Mini Electric Pacesetter will lead Formula E, hints at future JCW cars

Just a few days ago, Mini teased a wild electric hatchback with pace car-style lights. And just as we expected, it’s the new safety car for Formula E. It’s called the Mini Electric Pacesetter inspired by JCW, which is a mighty long name for such a little car. It looks like a blast, and although […]

Just a few days ago, Mini teased a wild electric hatchback with pace car-style lights. And just as we expected, it’s the new safety car for Formula E. It’s called the Mini Electric Pacesetter inspired by JCW, which is a mighty long name for such a little car. It looks like a blast, and although it’s not exactly a production car or the direct forebear of a car that will be offered, it does hint that there will be high-performance electric Minis.

Don’t just take it from us, take it from the man in charge of Mini, Bernd Körber: “But it does reveal one of the directions we could take with the electrification of the JCW brand. For me, the message is clear: Electrification and John Cooper Works are a good fit.”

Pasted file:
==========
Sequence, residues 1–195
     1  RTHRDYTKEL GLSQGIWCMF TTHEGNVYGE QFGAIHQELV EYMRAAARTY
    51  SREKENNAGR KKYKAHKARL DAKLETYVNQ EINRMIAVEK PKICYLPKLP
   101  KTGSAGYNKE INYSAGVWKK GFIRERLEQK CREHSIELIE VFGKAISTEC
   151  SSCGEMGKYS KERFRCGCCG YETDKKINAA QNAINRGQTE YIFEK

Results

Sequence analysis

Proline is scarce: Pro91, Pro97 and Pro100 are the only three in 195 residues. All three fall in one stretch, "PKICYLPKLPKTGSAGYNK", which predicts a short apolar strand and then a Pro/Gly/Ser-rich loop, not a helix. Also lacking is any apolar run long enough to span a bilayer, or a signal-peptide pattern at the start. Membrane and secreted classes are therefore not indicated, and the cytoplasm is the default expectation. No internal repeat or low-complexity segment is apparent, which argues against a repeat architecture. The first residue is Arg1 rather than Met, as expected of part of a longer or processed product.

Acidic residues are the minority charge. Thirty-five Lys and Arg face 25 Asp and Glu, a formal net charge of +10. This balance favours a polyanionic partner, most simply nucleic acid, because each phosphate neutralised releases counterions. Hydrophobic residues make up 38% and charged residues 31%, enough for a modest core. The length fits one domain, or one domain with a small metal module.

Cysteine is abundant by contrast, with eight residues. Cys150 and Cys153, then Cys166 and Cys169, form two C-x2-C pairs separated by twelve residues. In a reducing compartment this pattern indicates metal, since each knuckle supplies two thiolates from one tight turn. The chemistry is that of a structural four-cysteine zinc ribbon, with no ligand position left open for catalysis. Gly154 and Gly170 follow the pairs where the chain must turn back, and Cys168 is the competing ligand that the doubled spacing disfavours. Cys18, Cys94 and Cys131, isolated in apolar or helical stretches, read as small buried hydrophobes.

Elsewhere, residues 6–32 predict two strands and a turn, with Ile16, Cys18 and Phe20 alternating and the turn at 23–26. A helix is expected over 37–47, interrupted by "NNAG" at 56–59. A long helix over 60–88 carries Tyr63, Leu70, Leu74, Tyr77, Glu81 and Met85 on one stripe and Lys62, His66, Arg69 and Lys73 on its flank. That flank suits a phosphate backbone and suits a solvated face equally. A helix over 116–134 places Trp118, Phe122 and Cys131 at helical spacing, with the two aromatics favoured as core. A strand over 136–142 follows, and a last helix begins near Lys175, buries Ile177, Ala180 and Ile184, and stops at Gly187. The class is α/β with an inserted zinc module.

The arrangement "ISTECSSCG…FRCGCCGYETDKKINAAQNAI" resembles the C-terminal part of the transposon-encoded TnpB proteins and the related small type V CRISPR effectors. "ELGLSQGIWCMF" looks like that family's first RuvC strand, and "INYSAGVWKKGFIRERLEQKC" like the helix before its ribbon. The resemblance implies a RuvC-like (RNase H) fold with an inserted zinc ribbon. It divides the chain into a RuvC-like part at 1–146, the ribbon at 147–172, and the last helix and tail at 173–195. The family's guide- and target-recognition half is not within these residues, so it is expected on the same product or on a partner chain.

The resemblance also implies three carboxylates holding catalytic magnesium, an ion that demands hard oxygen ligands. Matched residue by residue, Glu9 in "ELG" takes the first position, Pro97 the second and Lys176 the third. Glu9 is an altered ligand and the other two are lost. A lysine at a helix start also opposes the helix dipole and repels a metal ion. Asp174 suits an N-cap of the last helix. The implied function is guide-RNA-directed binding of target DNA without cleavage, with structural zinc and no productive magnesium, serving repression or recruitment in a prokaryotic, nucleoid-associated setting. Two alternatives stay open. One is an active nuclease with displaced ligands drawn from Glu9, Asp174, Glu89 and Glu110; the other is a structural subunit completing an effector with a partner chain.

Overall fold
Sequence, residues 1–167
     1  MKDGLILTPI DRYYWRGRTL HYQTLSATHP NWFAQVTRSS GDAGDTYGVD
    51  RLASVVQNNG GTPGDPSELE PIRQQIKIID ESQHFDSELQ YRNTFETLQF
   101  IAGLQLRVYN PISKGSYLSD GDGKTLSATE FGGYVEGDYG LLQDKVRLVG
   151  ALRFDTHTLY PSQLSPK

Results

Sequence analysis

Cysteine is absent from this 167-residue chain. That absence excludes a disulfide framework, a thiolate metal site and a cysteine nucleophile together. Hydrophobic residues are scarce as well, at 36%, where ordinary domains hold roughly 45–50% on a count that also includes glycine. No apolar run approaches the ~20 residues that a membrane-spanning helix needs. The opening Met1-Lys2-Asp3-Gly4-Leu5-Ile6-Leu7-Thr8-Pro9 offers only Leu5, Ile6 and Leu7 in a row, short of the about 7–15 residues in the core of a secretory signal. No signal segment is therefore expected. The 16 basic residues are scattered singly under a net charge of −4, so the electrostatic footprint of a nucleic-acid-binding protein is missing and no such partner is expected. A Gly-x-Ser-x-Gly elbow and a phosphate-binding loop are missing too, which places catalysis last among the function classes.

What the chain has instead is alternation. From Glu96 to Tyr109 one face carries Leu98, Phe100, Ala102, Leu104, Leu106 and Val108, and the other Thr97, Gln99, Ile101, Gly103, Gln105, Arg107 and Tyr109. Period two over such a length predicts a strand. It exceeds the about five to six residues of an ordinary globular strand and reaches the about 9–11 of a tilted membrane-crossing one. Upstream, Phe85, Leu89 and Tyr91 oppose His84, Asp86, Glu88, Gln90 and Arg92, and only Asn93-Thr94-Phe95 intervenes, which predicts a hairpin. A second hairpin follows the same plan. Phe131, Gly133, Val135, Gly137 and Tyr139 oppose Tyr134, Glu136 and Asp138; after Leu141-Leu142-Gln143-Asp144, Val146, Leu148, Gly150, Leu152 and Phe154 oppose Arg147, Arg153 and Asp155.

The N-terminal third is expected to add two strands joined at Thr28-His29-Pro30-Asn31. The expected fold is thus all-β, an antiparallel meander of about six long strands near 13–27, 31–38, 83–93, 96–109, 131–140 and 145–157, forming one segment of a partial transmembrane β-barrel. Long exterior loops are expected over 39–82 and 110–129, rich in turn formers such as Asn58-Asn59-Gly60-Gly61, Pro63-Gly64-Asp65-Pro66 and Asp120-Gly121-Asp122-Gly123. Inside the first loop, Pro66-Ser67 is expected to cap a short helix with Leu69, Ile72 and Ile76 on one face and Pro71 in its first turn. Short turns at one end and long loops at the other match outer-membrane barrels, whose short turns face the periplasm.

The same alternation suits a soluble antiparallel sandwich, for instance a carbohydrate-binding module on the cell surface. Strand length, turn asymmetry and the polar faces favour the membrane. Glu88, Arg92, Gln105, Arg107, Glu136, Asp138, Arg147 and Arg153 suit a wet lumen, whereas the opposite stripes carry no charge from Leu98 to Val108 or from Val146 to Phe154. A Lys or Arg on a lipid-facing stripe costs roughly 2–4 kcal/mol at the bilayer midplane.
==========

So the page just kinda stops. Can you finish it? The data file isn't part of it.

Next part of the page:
Mini made some major modifications to the Pacesetter to get it ready to lead race cars. It weighs 287 pounds less than the Mini Cooper SE that it’s based on, giving it a total weight of 2,712 pounds. Much of that weight loss comes from the gutted interior, which now has a welded-in roll cage, race seats and six-point harnesses. While not particularly related to weight saving, the seats also have a neat 3D-printed material for the cushions that can be made in different colors and densities. The electric motor and battery are unchanged at 181 horsepower and 199 pound-feet of torque, but the weight loss means that it hits 62 mph in 6.7 seconds, an improvement of 0.6 over the road car.

Handling and braking are upgraded with racing coilovers that have adjustments for compression, rebound, camber and ride height, as well as four-piston brake calipers. Mini John Cooper Works GP forged four-spoke wheels are fitted with 245-mm Michelin Pilot Sport tires. The wider track from the wheels necessitated the unique 3D-printed carbon fiber fender flares. The rear wing, which is similar but not identical to the GP unit, is also made of 3D-printed carbon fiber material. Splitters, side skirts and a large rear diffuser round out the aerodynamic tweaks.

The car will make its racing debut at the Formula E event in Rome on April 10. And we hope we won’t have to wait too long for an electric John Cooper Works model to reach the public.

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